Tuesday, May 24, 2011

The Food in Tahiti

The Polynesian country of Tahiti is supreme for its food. While in Tahiti, the best way to taste its culture is straight through its food. Because Tahiti was isolated from covering influences until only two to three hundred years ago, its cuisine is some of the most unique in the world, with distinctly Polynesian characteristics, although many of today's restaurants in Tahiti offer Polynesian food with influences from cultures all over the world.

Fish and other types of seafood can be found at every meal and in every restaurant. Primary Tahitian fare includes poisson cru, raw fish marinated in coconut milk and lime juice. This is carefully the national dish of Tahiti, and there are many versions of it, together with a few with French or Chinese influences.

Traditional Food

Other foods that are popular in Tahiti consist of tropical fruits, seafood, and pork. Many dishes in Hawaii use coconut milk, such as 'papaya chicken,' which combines coconut milk, papaya, and chicken. The casse-croute is a local sandwich that is a popular of Tahitians and tourists alike. Most red meat and poultry is imported from New Zealand; as a result, you'll see less beef and chicken on the menu here than in other areas of the world.

Mangoes, melons, pineapples, grapefruits, and banana can be found at street markets throughout the country. For those seeing for more exotic fruits, sample the lynchee, rambutans, or the pamplemousse, a huge grapefruit. Tahiti's pineapples are known to be the sweetest in the world, and there are also more than 300 varieties of banana grown here.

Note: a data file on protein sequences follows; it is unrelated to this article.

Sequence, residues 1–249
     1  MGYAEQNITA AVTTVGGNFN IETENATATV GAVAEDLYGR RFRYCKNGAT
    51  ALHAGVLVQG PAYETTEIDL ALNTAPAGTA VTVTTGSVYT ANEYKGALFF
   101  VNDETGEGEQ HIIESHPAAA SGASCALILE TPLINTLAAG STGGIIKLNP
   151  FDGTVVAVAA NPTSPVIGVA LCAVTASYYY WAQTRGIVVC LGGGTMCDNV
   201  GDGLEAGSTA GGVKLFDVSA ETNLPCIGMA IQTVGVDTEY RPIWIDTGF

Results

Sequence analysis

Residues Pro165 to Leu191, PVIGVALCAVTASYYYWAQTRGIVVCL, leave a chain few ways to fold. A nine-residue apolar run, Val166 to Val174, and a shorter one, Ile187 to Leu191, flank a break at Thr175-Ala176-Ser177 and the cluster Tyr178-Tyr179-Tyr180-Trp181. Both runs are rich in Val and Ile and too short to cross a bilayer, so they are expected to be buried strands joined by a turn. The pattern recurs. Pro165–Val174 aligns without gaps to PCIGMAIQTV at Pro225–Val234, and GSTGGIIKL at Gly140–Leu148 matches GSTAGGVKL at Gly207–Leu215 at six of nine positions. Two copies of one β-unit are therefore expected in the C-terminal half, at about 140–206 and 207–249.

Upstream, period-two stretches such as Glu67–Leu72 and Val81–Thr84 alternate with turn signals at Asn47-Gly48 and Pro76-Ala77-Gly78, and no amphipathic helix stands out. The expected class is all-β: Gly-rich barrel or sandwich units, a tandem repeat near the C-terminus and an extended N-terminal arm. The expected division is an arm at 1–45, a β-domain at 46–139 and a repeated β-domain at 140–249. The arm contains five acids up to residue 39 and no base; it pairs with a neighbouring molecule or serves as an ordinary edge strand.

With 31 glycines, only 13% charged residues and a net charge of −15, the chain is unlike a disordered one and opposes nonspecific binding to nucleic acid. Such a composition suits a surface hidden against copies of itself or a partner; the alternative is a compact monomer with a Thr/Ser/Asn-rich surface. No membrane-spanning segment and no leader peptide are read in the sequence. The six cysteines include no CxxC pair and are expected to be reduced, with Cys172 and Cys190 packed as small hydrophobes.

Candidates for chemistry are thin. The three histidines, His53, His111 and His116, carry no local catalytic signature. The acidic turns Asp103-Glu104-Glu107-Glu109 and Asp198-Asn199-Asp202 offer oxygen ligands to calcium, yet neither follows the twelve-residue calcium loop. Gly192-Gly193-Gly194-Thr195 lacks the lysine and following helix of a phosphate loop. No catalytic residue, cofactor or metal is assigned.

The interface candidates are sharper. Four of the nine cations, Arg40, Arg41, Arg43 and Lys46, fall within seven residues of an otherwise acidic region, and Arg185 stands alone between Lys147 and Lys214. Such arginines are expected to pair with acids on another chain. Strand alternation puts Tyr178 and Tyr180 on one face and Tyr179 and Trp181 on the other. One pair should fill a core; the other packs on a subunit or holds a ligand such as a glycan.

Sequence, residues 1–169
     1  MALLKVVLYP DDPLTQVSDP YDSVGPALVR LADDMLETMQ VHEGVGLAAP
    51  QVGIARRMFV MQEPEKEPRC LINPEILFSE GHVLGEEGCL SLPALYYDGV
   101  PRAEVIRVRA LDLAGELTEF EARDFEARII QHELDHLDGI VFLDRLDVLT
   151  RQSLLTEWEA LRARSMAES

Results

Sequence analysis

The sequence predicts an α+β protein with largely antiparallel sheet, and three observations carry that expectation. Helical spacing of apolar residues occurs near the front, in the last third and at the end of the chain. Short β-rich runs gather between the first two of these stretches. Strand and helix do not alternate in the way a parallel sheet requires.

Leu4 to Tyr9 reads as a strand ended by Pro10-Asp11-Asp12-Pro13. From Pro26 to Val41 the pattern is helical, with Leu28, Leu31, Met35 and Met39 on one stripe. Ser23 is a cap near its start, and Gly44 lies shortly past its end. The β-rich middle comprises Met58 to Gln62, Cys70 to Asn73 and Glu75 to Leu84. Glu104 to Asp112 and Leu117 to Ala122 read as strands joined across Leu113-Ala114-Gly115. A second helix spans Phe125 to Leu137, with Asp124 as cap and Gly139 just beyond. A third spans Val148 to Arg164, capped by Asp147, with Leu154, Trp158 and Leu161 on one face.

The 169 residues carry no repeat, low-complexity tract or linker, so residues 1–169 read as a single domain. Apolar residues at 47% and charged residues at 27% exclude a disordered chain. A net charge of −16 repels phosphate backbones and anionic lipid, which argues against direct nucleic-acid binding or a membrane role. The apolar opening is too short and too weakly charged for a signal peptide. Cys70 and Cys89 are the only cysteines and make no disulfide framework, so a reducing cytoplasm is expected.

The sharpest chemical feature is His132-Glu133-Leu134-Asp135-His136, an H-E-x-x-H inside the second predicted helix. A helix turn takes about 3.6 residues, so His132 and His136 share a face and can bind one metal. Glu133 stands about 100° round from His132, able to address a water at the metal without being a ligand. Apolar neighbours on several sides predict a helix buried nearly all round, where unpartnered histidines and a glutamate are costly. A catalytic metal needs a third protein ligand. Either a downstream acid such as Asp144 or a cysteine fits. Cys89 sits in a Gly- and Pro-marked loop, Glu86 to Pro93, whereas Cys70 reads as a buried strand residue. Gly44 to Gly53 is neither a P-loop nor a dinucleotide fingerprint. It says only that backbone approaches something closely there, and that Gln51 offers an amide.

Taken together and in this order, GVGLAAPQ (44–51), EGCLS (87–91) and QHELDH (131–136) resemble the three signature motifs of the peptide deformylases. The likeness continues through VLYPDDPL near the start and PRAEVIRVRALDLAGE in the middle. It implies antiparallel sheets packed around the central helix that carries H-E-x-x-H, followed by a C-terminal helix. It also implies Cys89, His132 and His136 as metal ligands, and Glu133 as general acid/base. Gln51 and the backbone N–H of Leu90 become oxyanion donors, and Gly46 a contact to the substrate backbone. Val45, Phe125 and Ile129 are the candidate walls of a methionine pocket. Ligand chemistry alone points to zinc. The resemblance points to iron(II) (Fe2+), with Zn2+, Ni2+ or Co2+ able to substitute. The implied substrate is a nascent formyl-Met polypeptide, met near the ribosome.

For dessert, try Faraoa coco, or coconut bread. Firifiri, donuts in a figure-eight shape, are a mouth-watering dessert often dipped in coffee. Finally, maybe the most supreme dessert in Tahiti is Poe, a baked dish made of papaya wrapped in banana leaves. The national drink of Tahiti is Hinano, a type of beer, while tropical cocktails made with local fruits are also quite popular.

Most food in Tahiti is traditionally eaten with the fingers, although food stands are quite accustomed to tourists request for a fork or spoon, and restaurants are increasingly using western-style table settings. The food is traditionally cooked not in an indoor oven, but in an ahimaa, or hole dug into the ground. The food is wrapped in banana leaves and settled in this hole. This formula is very similar to the formula used in Hawaii to roast a pig while luau festivities. The process of cooking using this formula can take some hours, but it has tender and tasty results, often with meat in fact falling off the bone.

In addition to these Primary tastes, Tahiti is also supreme for its gastronome restaurants, especially on Bora Bora and Moorea, two of the most popular traveler destinations within Tahiti. These restaurants, particularly those in luxury hotels, offer diners magical views of the lagoon and tasty gastronome foods, together with Primary Tahitian fare as well as Americanized dishes. Many feature Polynesian entertainment such as dancers and musicians.

In Papeete, known as Tahiti's food capital, you can find a wide variety of restaurants gift nearly every world cuisine, from French and Italian restaurants to Chinese and Vietnamese dishes. Often, these recipes feature a Polynesian flair mixed with the Primary tastes of other countries. Many of these restaurants are also evening meal and dance shows.

The Food in Tahiti

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